>>>>>
>>>>> 3. Separating imports from expressions seems as inconvenience to
>>>>>
>>>>>> expression developers to me. Why imports can't be specified as part
>>>>>>>>
>>>>>>> of
>>>
>>>> expression definition?
>>>>>>>>
>>>>>>>>      [CK] The purpose of imports is to have some public static
>>>>>>>> method
>>>>>>>> to be
>>>>>>>>
>>>>>>>> part of expression. For eg. java.util.Math.* is statically
imported
>>>>>>> by
>>>>>>> default. This gives expression writer a freedom to use the static
>>>>>>> methods
>>>>>>> present in java.util.Math  out of the box in expression.
>>>>>>>         One can very well chose to have imports in expression
itself.
>>>>>>>         For eg. Following is a valid expression and respective
import
>>>>>>>
>>>>>> in
>>>
>>>> expression will also be considered:
>>>>>>>
>>>>>>>         import org.apache.x.y.z;
>>>>>>>         <expression>
>>>>>>>
>>>>>>> [VR] What was the selection criteria to include certain
>>>>>>>
>>>>>> classes/packages
>>>
>>>> into default import? Why for example
>>>>>>
>>>>> org.apache.commons.lang3.StringUtils
>>>
>>>> is included, but org.apache.commons.lang3.math.NumberUtils is not. Note
>>>>>> that this is just an example and for any set of default imports
>>>>>>
>>>>> somebody
>>>
>>>> will always raise a question unless there is clear selection criteria.
>>>>>>
>>>>>>       [CK] I agree, the list of defaults are mainly to include the
>>>>>
>>>> default
>>>
>>>> basic functionality. This is mainly influenced from spreadsheet
>>>>> applications to include some common function in expression. StringUtils
>>>>>
>>>> &
>>>
>>>> StringEscapeUtils are included to provide some basic string based
>>>>> functionality. NumberUtils are not included because method names in
>>>>> NumberUtils overlap with java.lang.Math and because they're imported
as
>>>>> static imports the compilation failure of expression happens when the
>>>>> method is used.
>>>>>        I'm open to narrowing down the exact list of default
>>>>>
>>>> classes/static
>>>
>>>> methods to import.
>>>>>
>>>>>
>>>>> 4. Where multiple POJOs come from? If assumption is that different
>>>>> POJOs
>>>>>
>>>>>> come from different input ports, how tuples from different ports
are
>>>>>>>
>>>>>>>> synchronized?
>>>>>>>>
>>>>>>>>      [CK] Honestly, I don't have a usecase where multiple
POJOs will
>>>>>>>> become
>>>>>>>>
>>>>>>>> part of a single expression. I've done this for a purpose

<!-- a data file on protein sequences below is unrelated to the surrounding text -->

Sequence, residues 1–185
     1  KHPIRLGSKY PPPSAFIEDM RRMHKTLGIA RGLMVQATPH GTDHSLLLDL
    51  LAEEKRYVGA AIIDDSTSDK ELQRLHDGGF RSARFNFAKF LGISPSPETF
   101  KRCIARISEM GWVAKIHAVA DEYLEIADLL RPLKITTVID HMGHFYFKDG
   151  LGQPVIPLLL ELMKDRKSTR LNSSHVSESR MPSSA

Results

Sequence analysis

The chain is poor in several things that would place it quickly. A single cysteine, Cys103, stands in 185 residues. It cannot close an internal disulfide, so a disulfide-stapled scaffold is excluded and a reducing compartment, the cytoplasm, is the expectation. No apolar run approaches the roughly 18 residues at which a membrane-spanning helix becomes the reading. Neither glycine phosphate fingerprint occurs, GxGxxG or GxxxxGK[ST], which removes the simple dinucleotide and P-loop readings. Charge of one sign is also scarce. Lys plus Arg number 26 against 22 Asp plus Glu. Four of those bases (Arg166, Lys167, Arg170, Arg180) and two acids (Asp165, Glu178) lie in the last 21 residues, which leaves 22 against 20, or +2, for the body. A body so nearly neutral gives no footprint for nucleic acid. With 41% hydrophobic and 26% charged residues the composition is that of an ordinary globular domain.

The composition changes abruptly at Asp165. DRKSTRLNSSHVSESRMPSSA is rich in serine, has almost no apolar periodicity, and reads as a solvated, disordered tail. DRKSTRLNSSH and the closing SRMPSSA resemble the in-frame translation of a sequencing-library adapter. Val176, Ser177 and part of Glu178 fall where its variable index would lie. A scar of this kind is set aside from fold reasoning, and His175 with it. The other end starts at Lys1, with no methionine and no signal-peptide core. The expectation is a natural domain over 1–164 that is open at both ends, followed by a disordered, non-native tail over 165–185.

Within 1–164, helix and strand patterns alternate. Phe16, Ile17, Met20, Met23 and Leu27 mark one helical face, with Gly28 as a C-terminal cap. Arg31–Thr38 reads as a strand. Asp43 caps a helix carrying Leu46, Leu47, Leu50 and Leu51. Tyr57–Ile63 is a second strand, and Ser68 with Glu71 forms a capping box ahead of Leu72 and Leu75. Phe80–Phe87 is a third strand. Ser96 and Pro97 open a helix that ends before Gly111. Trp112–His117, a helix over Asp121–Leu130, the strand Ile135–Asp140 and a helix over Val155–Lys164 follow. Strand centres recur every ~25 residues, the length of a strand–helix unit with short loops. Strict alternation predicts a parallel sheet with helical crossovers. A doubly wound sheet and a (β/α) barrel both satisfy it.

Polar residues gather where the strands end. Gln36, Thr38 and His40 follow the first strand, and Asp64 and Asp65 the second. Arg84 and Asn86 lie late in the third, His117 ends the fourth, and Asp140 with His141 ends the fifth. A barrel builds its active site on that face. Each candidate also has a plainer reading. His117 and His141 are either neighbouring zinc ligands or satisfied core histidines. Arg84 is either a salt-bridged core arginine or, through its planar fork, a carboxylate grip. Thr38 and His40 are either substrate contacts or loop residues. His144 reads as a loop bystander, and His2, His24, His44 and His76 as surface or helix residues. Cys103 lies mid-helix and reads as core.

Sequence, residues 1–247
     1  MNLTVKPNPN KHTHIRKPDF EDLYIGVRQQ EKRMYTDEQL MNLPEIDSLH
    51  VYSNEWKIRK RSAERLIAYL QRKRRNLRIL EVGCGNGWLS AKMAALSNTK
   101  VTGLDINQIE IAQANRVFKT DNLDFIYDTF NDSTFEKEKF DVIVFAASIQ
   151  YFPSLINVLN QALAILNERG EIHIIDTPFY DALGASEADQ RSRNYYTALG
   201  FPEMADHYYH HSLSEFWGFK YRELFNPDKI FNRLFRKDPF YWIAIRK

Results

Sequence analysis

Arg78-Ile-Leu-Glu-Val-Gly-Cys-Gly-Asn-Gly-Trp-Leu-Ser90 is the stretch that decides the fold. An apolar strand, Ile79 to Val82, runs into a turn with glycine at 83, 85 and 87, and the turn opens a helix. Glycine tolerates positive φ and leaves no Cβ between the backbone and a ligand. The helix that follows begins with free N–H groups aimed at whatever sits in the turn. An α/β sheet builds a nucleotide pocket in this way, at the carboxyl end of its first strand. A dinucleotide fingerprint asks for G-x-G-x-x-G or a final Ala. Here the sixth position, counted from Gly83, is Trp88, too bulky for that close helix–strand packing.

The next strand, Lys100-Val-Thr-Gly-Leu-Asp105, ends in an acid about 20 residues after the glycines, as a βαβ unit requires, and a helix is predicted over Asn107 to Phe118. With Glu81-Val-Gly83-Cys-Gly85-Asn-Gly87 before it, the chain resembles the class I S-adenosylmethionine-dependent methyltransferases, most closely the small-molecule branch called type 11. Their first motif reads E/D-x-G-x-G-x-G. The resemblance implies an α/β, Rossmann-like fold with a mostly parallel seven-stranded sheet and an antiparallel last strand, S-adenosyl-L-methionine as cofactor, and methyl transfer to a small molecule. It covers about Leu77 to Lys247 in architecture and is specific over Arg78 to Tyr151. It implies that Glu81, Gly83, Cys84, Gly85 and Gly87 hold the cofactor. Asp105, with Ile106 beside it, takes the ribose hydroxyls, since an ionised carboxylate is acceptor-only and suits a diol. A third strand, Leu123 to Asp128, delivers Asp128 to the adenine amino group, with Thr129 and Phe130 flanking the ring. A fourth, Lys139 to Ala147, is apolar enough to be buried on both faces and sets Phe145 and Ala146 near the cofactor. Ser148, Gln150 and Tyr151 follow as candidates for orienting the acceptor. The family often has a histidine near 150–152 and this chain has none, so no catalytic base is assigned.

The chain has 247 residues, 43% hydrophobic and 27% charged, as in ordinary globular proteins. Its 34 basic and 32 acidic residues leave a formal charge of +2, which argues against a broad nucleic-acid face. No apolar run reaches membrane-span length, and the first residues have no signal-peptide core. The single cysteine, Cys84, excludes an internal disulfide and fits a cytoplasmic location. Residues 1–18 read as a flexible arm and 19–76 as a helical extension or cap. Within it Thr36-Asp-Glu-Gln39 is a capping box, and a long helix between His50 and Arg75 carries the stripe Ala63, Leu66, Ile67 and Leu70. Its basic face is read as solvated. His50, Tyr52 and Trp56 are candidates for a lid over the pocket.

of
>>>>>>>
>>>>>> completion
>>>
>>>> of
>>>>>>> expression language. Of course, I would love to get some feedback
>>>>>>> from
>>>>>>> community if there is a possible usecase for this.
>>>>>>>
>>>>>>> [VR] OK, so I guess we don't need this functionality at least
for
>>>>>>> now.
>>>>>>>
>>>>>>       [CK] SO here is the thought process I had when I added multiple
>>>>>
>>>> POJO
>>>
>>>> support. More than one object can come together to create a new object.
>>>>> All
>>>>> I wanted to do was to expose such a functionality where the data is
>>>>> present
>>>>> in two different object and expression               can work on both
>>>>>
>>>> the
>>>
>>>> object to create some new field. I think this is a good addition to
>>>>> expression language. Please let me know if there is any technical
>>>>> reason
>>>>> to
>>>>> remove this.
>>>>>
>>>>> 5. Are we supporting both POJOUtils and ExpressionEvaluator? If not,
>>>>>
>>>> what
>>>
>>>> is the plan to deprecate POJOUtils? If yes, syntax of POJOUtils and
>>>>>>>> ExpressionEvaluator don't seem to be compatible.
>>>>>>>>
>>>>>>>>      [CK] I haven't though about PojoUtils deprecation yet.
In my
>>>>>>>> opinion,
>>>>>>>>
>>>>>>>> it
>>>>>>> should not be done. PojoUtils has its own purpose. It deals with
>>>>>>> POJOs
>>>>>>> and
>>>>>>> simple operation which require faster interface to access variables
>>>>>>>
>>>>>> from
>>>
>>>> POJO. If that is the usecase one should use PojoUtils.
>>>>>>> ExpressionEvaluator
>>>>>>> is to support expression based execution.
>>>>>>>       But I'm open to thoughts here.
>>>>>>>       About incompatibility, we can make it compatible. Can you
>>>>>>> please
>>>>>>> share
>>>>>>> where it is different? Is it the operand syntax you're talking
about
>>>>>>>
>>>>>> ${}
>>>
>>>> of
>>>>>>> Expression vs {}  of PojoUtils. I'll happy to make Expression
to be
>>>>>>> compatible with PojoUtils for the same.
>>>>>>>
>>>>>>> [VR] PojoUtils provide similar functionality and I don't see
much
>>>>>>>
>>>>>> difference in a way how PojoUtils and ExpressionEvaluator may be
used.
>>>>>> They
>>>>>> clearly have an overlapping use cases and overlapping functionality.
>>>>>>
>>>>> IMO,
>>>
>>>> it will be better to have the same syntax for both, or to be more
>>>>>>
>>>>> precise
>>>
>>>> extend PojoUtils to support not only getters and setters, but also
>>>>>> expressions.
>>>>>> [CK] We can make the syntax similar for both. But that look
>>>>>>
>>>>> contradictory
>>>
>>>> to me with your last comment in first questions i.e. removing ${...}
>>>>>>
>>>>> and
>>>
>>>> accessing operands just by input1.field1 OR field1.
>>>>>>
>>>>>>        I think it might be early to say whether ExpressionEvaluator
is
>>>>>>
>>>>> extension to PojoUtils. PojoUtils is being used at a number of places
>>>>>
>>>> and
>>>
>>>> I
>>>>> did not want to disturb that usage. Do you think it is feasible to
>>>>>
>>>> consume
>>>
>>>> the ExpressionEvaluator now and maybe in the future merge PojoUtils and
>>>>> ExpressionEvaluator, if that's what you're talking about?
>>>>>
>>>>>
>>>>> 6. POJOUtils supports both getters and setters, what is the plan to
>>>>>
>>>>>> support
>>>>>>>
>>>>>>> setters in ExpressionEvaluator?
>>>>>>>
>>>>>>>>      [CK]  I'm not sure functionality of ExpressionEvalutor